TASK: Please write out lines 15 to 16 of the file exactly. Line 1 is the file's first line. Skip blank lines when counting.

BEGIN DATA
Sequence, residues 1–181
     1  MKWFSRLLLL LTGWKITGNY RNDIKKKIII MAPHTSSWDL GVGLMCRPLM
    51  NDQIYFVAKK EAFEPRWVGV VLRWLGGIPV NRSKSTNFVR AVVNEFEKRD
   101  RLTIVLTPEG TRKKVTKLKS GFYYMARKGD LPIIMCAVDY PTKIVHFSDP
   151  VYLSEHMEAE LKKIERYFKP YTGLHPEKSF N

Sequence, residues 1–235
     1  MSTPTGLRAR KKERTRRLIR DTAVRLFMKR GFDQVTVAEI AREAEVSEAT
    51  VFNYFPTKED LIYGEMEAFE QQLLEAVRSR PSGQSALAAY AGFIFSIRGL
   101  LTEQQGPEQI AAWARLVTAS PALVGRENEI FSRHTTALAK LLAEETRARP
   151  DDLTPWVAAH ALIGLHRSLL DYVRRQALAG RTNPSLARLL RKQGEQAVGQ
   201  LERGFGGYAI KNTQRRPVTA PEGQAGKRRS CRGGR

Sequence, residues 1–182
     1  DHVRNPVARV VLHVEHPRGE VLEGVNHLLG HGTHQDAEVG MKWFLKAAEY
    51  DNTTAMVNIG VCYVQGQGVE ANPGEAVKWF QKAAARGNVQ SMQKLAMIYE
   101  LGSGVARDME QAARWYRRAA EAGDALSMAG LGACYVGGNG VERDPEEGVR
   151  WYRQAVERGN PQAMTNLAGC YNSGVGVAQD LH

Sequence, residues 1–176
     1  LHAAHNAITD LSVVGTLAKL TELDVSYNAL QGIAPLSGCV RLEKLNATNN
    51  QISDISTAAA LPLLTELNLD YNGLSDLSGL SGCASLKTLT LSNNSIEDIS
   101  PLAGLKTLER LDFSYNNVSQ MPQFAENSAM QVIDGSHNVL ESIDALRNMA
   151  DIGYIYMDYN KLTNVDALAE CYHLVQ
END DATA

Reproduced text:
   101  LGSGVARDME QAARWYRRAA EAGDALSMAG LGACYVGGNG VERDPEEGVR
   151  WYRQAVERGN PQAMTNLAGC YNSGVGVAQD LH